Wednesday, September 22, 2010

The Jane Austen Picnic: A Recap

"He was a blessing to the juvenile part of the neighborhood, for he was for ever forming parties to eat cold ham and chicken out of doors."
Sense & Sensibility, on Sir John Middleton

And that is just where we (my mother and myself) seemingly found ourselves when attending the P.E.E.R.S. Jane Austen picnic, at one of Sir John's delightful parties! Only, instead of in the country surrounding Barton, we were in Lincoln Park of Alameda, California. One would certainly be hard-put to find a difference between the two settings by merely examining photos from that delightful event, for nearly all it's attendants were attired in empire gowns or wool frock coats and breeches, and our lunches laid out on china plates with silver ware.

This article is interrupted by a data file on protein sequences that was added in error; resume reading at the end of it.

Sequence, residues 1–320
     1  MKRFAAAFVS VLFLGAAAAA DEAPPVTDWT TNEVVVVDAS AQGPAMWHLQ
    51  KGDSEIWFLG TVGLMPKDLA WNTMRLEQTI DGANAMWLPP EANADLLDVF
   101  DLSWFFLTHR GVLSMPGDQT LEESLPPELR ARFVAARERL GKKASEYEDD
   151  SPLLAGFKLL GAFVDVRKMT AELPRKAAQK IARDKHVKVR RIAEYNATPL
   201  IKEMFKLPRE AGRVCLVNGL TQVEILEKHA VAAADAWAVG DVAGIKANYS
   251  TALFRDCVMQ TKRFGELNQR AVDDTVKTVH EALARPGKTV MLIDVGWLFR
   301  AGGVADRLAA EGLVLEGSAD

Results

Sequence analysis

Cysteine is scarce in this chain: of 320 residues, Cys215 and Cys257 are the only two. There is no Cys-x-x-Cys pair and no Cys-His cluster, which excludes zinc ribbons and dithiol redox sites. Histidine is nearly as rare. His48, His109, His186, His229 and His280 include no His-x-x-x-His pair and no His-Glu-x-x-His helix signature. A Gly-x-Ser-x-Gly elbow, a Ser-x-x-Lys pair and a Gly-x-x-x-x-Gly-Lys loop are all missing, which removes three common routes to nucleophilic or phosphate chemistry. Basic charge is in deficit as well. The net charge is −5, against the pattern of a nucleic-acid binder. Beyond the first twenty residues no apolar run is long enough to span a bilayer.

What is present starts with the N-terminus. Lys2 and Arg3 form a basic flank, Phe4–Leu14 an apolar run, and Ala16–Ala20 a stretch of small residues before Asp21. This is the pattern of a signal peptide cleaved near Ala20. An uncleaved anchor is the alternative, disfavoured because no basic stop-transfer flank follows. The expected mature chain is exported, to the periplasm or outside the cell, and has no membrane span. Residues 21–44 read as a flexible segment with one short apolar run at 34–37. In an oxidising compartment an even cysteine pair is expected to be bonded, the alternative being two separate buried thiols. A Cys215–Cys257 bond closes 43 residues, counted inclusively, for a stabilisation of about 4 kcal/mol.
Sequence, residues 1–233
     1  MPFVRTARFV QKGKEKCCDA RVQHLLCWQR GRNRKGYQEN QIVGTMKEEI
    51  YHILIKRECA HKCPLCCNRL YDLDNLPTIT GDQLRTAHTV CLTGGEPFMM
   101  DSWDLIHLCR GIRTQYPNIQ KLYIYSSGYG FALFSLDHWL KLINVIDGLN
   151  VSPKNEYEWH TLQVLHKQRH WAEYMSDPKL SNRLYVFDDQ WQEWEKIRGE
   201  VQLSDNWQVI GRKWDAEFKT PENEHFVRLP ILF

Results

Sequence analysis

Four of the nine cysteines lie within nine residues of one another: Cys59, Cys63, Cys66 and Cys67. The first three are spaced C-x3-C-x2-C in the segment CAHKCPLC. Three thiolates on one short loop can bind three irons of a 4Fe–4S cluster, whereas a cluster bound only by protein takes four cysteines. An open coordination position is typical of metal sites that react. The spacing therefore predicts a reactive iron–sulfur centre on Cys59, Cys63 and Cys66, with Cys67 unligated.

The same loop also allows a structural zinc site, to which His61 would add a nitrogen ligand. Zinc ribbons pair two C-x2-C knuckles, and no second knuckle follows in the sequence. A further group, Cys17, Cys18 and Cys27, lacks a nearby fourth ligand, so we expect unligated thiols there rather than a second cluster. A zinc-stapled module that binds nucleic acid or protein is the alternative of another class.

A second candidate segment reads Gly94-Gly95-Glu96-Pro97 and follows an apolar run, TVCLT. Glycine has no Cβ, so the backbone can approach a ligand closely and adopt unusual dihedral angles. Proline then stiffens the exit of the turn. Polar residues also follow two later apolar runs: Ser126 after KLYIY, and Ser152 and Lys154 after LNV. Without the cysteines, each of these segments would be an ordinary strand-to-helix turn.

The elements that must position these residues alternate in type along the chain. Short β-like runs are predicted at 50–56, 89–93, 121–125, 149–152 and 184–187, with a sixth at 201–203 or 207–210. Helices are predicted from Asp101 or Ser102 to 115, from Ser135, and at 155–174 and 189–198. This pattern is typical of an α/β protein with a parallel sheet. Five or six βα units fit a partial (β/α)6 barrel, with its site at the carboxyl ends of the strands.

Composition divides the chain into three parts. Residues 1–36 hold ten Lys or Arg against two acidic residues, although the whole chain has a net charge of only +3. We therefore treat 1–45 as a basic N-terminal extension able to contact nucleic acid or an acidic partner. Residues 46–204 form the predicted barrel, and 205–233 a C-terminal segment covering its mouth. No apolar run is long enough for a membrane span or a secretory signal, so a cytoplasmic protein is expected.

See for yourself!:

The festivities began with the eating of "cold ham and chicken" out of doors at eleven o'clock, and lasted until two, when the dancing began.

Our own picnic spread, complete with tea, cookies and juice. 
(For a detailed list and period recipes from our menu click here.)

Cold chicken pies and salmagundy
When most of us gathered had finished our luncheon, the announcement came that the dancing was  to begin!

Our excellent band 'Bangers and Mash'
Many in attendance regularly appear at P.E.E.R.S. and other re-enactment events, and are experienced dancers.
It was delightful to see men who took such care in the period details of their dress!